They call it karma? Could you maybe Oh my be okay. Oh my but yeah, so this call My way is assuring that the first time there was a professor Fuji Naga, he was the one that managed to basically close the loop mean he started from the egg and he ended up in the adult. And from there the Taiwanese When you after the Japanese, this technology somehow goes to Taiwan because the professor Fuji Naga has a friend that his son is my very good friend. In fact, he was in Singapore just last month. He and him basically like as a family, they moved to Taiwan to do the farming in Taiwan, because Taiwan those days as a better environment compared to Japan. So they started in Taiwan. And if you look at all the shrimp industry, leaders, they are all from Taiwan, but the Taiwan do today, you know, the temperature and love, you know, difficult difficulty. They couldn’t really continue for so long. Because all days when people do farming, they didn’t know really how to take care of the environment. So when they do the farming, they just harvest the shrimp and the pond button was dirty. So they just put it aside so slowly, slowly this waste pile up and okay, the situation get that and then the Taiwanese take this technology, move to other countries in Asia, they move to Malaysia and then they move to Indonesia, but somehow Malaysian did not really take this story so serious, because of many difficulty they have on the you know, getting the land and all those things. Then they move to Thailand, right? Okay, so when they move Thailand, of course they didn’t use the mushroom coffee mushroom is a Coldwater Shrimp. So what they practice the shrimp that is available locally was a tiger shrimp. Yep. Okay, so they use the tiger shrimp or pinos monotone. So, the pronounce monotone was the one of the earliest species that has been culture in the Asia. So those days, Thailand, Indonesia, Malaysia, Vietnam and India. They grow tiger shrimp, even in China also. And then in the other parts of the world, we had Ecuadorians Mexicans, and they started to do their one AMI, the white trim that today in all over the world become like a number one culture. So there’s two different you know, species that they have two different behavior. Monotone is the benthic shrimp. More on the Vendee you cannot do intensification for monotone. But despite, you know the white shrimp, it can be in intensify, can grow into much, much more massive, you know, biomass, higher biomass. And then in I remember in 90s, early, early 2000, late 90s started to introduce this to the Asia. So many countries resistance Thailand was the first one came in, and then we had Malaysia, then slowly, slowly, the last one was India came in, why were they resisting? Because it’s an extra tick is fishes. The one army is not really a species that commonly you can find it this part of the road. So basically they brought it from South Africa, South America. So that’s how the whole industry switch from Tiger to the one AMI,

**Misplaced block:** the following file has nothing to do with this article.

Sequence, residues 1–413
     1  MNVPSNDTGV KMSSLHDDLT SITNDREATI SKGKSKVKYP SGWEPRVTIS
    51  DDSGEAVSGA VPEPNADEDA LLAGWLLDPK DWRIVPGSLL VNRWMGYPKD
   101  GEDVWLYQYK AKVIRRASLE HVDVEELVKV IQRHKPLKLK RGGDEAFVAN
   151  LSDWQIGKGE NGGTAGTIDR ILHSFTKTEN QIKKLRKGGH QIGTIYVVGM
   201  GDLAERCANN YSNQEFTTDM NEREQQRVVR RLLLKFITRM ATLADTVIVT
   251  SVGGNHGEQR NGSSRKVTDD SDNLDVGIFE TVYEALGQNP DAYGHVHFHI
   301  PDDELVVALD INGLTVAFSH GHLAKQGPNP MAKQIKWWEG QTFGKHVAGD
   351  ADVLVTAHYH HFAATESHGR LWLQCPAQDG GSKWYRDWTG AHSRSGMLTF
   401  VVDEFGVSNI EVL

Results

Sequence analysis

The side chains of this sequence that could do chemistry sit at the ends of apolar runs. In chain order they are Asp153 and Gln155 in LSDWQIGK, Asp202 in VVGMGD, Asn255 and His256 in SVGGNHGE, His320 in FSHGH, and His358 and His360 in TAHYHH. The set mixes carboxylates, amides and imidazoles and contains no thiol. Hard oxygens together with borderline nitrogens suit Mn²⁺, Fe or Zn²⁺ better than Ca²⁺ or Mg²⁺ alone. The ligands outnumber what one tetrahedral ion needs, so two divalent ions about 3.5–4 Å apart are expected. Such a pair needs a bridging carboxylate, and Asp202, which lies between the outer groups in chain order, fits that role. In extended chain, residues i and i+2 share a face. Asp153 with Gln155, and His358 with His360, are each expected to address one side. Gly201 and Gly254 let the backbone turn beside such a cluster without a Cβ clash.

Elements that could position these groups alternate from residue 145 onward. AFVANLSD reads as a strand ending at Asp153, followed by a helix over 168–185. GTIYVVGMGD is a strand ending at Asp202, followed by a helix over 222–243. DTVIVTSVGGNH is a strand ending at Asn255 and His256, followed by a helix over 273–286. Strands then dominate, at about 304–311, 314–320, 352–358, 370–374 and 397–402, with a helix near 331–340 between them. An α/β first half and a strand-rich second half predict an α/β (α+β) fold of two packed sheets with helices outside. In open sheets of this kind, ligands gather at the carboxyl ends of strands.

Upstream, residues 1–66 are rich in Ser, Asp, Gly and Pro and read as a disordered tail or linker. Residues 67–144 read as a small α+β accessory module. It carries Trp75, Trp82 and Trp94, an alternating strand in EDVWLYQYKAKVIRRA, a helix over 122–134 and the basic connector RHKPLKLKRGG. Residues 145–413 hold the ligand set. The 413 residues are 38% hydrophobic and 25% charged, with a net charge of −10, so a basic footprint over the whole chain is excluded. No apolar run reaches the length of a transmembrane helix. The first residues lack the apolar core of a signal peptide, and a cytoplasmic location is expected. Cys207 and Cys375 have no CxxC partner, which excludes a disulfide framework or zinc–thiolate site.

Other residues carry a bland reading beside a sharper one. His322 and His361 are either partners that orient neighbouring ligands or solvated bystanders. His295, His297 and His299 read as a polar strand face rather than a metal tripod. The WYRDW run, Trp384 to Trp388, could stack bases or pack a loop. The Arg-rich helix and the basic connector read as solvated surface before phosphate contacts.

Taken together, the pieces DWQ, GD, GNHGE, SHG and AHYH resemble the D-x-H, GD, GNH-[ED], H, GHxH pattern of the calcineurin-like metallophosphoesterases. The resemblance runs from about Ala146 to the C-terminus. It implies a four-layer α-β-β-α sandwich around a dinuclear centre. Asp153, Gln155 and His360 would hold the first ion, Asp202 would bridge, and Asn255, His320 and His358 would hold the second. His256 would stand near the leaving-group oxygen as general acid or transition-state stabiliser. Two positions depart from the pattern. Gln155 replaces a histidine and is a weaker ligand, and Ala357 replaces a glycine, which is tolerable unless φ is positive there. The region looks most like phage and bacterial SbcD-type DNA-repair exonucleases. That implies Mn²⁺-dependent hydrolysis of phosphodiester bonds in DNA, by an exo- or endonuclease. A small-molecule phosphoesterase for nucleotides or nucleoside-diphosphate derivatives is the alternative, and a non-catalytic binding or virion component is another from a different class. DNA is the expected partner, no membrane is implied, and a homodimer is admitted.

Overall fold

Michael Waitze 28:08
which is now the most cultured or the most far metric in the world.

Dr. Farshad Shishehchian 28:13
Exactly, exactly. And the rationale behind that was that’s what the production global production is start to increase, because when you do monotone or tiger shooting your biomass, it is maybe only 25% of what you do with a

Michael Waitze 28:29
white trim. What does that mean the biomass,

Dr. Farshad Shishehchian 28:33
biomass means your productivity for example, if you have a if because for shooting we call it per square meter. So if I can produce monotone in one square meter, say, say one kilo or two kilo for one army, maybe I can go for five kilos below seven kilo. Yes. So that’s why this is switching from the species to species is pushed the global production much, much more higher. So big players in the world, like Thailand, Indonesia, Vietnam, and the late part India, they enter to this. And China of course, China is a large produce producer, but China don’t export because they eat everything they produce. So that’s why you never see Chinese name, as an exporter. Chinese is always important. So that’s why you see this push the global production much more higher. But nowadays, some farmer moving back to the tiger shrimp because they see problem with a one arm so like, it’s a very dynamic history, we have insurance, and it’s not very old. It’s not really very old.